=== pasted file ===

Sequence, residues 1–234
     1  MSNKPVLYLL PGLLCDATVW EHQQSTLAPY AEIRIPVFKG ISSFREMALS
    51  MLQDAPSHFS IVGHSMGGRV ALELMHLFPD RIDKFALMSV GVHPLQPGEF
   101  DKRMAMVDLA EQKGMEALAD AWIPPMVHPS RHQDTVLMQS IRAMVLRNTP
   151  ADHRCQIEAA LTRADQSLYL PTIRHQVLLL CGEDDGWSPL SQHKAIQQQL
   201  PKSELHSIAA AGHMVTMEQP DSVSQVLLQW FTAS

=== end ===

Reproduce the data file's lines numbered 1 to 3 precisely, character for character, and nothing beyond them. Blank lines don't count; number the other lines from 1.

Sequence, residues 1–234
     1  MSNKPVLYLL PGLLCDATVW EHQQSTLAPY AEIRIPVFKG ISSFREMALS
    51  MLQDAPSHFS IVGHSMGGRV ALELMHLFPD RIDKFALMSV GVHPLQPGEF